(See the special video below featuring Marcus Garvey.)
Writer for This Unit: J. Kameron Carter, Lectionary Team Commentator
The unit you are viewing, Emancipation Day and Juneteenth, is a compact unit. This means that it does not have a supporting cultural resource unit and worship unit. Instead, to enliven the imagination of preachers and teachers, we have provided scriptural text(s) for this moment on the calendar along with a sermonic outline, suggested links, books, articles, songs, and videos. For additional information, see Emancipation Day and Juneteenth in the Lectionary archives for 2008–2012.
I. Description of the Liturgical Moment
Today’s lectionary moment has two deeply intertwined parts: Emancipation Day and Juneteenth. The former, Emancipation Day, is in many African American church traditions a day set apart. It is a holy day meant for reflecting upon the events that transpired leading up to and including the legal freeing of the slaves in the United States of America. Against all manors of existential and political obstacles, the sixteenth President of the United States, Abraham Lincoln, issued a proclamation of emancipation on September 22, 1862 in the ten states not under Union control, and in the next 100 days Lincoln prepared the army and the country for the legal enforcement of emancipation on January 1, 1863. Eventually some three million slaves had been emancipated and entered upon the treacherous waters of citizenship—also known as “freedom”—as post-slave subjects in the United States. During the same 100-day period that Lincoln was preparing the country for emancipation, the Democrats (the party opposed to emancipation at the time) rallied voters in the off-year elections using fear-mongering tactics. They sought to garner votes by warning an anxious public of what America it would become with freed slaves roaming the streets and living in the neighborhoods of not just the South but the North as well.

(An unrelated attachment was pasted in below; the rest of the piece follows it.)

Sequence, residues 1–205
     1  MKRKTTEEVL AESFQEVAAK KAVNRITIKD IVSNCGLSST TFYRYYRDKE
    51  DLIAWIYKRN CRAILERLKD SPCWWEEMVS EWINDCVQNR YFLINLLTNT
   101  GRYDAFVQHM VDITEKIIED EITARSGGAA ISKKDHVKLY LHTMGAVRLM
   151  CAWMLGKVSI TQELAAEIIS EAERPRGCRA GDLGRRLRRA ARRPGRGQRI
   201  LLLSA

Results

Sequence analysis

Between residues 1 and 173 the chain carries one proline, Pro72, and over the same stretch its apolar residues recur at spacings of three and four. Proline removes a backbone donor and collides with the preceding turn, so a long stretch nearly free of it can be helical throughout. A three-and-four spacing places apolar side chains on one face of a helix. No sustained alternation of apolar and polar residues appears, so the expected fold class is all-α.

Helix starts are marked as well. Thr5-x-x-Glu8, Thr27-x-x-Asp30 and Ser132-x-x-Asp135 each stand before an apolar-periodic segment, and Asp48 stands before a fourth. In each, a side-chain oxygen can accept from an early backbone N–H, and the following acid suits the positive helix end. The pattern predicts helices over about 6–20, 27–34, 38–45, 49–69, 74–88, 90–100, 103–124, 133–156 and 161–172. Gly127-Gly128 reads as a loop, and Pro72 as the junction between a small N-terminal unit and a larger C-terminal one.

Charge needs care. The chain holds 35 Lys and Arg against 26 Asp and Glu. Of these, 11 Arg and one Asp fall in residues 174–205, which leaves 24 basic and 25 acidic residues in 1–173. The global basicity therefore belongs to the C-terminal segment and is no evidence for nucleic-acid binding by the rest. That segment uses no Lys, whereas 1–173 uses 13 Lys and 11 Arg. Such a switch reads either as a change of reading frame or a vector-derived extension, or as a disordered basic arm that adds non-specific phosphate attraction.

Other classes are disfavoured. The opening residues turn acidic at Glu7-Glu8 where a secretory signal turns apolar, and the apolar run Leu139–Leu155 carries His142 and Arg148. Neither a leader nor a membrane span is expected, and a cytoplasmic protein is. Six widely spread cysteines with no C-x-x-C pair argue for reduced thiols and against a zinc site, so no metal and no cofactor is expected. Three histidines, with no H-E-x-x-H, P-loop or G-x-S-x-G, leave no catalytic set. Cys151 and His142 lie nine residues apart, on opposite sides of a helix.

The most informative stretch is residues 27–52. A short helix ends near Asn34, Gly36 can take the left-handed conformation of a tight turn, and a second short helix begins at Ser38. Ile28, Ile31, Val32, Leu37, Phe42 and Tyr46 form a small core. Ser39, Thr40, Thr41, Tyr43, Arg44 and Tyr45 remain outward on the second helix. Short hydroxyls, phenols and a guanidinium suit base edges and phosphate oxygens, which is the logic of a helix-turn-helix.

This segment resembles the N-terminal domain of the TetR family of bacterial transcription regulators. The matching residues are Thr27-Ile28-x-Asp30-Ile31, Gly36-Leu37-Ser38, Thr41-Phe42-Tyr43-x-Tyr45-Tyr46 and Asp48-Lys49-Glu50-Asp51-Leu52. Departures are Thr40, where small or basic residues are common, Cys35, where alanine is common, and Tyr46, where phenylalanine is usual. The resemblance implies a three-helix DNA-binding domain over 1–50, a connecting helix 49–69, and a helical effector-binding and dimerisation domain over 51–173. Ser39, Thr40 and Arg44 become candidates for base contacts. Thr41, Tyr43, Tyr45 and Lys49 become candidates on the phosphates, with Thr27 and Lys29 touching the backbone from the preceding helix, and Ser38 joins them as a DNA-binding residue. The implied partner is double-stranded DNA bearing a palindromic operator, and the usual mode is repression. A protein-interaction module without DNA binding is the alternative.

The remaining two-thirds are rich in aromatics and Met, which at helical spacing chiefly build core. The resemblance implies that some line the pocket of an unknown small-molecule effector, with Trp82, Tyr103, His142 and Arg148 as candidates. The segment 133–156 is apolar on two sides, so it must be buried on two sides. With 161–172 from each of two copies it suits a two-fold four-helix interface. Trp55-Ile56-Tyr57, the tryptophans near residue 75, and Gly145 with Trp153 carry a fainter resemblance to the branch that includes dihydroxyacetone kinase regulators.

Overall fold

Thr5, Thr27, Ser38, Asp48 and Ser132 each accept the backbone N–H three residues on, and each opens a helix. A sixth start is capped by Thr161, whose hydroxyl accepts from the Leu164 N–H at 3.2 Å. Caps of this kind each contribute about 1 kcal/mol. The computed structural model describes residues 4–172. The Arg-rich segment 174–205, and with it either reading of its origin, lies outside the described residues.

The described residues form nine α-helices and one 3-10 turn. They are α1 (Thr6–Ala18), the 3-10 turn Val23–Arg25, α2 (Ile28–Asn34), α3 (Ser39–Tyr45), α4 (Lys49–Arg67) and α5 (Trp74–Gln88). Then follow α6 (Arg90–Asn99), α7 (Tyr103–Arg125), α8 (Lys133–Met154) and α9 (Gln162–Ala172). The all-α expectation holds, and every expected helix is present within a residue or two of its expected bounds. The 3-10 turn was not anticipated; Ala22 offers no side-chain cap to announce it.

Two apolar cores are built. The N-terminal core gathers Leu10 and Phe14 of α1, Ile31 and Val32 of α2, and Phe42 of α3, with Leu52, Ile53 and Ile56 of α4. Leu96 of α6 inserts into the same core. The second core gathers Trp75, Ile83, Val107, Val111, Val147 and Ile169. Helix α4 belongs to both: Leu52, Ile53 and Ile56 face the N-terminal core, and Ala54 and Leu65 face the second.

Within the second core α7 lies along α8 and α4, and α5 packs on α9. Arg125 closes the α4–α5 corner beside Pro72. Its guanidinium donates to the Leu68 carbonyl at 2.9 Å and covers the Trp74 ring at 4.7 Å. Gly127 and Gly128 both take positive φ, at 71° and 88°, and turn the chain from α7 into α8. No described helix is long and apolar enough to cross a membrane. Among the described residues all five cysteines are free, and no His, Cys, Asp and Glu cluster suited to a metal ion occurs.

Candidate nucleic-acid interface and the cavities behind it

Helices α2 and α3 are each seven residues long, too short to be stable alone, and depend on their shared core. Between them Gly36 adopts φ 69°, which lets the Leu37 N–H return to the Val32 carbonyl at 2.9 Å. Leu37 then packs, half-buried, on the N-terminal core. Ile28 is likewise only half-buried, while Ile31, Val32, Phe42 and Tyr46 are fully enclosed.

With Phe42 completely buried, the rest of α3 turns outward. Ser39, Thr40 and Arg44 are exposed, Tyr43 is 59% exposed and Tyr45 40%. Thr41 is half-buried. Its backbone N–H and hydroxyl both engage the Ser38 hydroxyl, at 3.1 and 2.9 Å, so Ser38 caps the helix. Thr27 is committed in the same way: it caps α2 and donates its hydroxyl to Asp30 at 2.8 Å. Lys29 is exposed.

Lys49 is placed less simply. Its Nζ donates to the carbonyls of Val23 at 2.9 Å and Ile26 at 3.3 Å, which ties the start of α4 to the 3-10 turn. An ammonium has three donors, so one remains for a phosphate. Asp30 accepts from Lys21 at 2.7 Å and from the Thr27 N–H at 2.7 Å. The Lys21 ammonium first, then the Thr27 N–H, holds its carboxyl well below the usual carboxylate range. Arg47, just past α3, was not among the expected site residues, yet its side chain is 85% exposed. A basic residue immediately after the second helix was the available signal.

Emancipation Day is a day of remembrance and is fittingly placed in the African American Lectionary on January 1, News Year’s Day, for Emancipation Day was the day of rebirth. Somewhat like baptism, it was a day of being born out of slave existence into the condition of citizenship and into a project of freedom. And we must bear in mind that citizenship and freedom is both a now and a not-yet. It is a “now” in the sense that slaves were in the eyes of the law free on January 1, 1863, but also it was on this day that they joined forces with the North and entered upon the struggle and the work of freedom and citizenship, a struggle that took the initial form of a civil war. And we gain insight into the sense in which freedom is also “not yet.” Freedom is not complete. It is an ongoing work. Freedom is a vision that calls for faithful struggle for its full realization.
And this brings us to the second part of our liturgical moment: Juneteenth. Juneteenth is the oldest-known celebration of the freeing of slaves in the United States and dates back to June 14, 1865. This is the day when Union soldiers reached the state of Texas with news that the Civil War was finally over. They were there to enforce the decree of Emancipation that the slaves were free, which had been legally put in place two-and-a-half years earlier on January 1, 1863. Freedom was delayed, but ultimately not denied.
I’m taken with the Rev. Dr. Brad Braxton’s interpretation of the significance of “Juneteenth” as a word. In his 2008 lectionary commentary for Emancipation Day and Juneteenth, he says: